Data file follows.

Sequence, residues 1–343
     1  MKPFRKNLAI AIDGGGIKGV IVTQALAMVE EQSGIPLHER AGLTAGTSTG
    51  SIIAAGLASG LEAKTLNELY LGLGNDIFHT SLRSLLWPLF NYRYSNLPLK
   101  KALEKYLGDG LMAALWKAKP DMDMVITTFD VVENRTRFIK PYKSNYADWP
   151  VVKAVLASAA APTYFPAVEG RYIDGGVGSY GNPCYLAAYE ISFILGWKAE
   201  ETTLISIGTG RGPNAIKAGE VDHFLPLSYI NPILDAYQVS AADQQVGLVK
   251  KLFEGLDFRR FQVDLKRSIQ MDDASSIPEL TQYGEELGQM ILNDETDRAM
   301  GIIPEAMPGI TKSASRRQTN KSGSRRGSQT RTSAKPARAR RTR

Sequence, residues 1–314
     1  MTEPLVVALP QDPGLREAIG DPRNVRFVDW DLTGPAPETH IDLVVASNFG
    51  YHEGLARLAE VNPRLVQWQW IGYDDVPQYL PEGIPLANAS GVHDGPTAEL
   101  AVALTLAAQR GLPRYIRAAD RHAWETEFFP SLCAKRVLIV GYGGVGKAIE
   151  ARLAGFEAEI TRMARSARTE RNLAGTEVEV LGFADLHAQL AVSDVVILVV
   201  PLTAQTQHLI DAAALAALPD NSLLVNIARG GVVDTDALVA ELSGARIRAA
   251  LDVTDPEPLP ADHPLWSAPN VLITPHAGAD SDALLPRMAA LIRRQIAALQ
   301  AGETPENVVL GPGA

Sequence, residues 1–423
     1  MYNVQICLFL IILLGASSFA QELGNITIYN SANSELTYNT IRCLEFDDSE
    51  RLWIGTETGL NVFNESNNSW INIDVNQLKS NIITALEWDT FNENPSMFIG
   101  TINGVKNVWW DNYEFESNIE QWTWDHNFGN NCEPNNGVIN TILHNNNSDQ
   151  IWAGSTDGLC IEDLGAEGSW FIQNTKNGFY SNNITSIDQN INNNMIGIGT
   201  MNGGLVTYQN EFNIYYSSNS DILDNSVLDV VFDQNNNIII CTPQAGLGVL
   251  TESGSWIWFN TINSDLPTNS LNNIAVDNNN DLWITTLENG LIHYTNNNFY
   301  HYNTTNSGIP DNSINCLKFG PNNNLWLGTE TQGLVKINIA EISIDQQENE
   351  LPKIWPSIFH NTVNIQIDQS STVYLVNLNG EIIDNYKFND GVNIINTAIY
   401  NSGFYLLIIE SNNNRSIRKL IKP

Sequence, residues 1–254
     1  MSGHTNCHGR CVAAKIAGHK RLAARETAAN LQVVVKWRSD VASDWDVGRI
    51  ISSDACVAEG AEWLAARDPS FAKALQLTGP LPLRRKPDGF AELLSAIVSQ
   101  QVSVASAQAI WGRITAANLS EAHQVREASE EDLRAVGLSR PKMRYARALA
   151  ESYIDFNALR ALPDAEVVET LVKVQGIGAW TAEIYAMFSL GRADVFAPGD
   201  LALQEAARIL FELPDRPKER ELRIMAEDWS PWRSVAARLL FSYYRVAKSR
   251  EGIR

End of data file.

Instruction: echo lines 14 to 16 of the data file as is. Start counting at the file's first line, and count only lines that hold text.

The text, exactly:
   201  PLTAQTQHLI DAAALAALPD NSLLVNIARG GVVDTDALVA ELSGARIRAA
   251  LDVTDPEPLP ADHPLWSAPN VLITPHAGAD SDALLPRMAA LIRRQIAALQ
   301  AGETPENVVL GPGA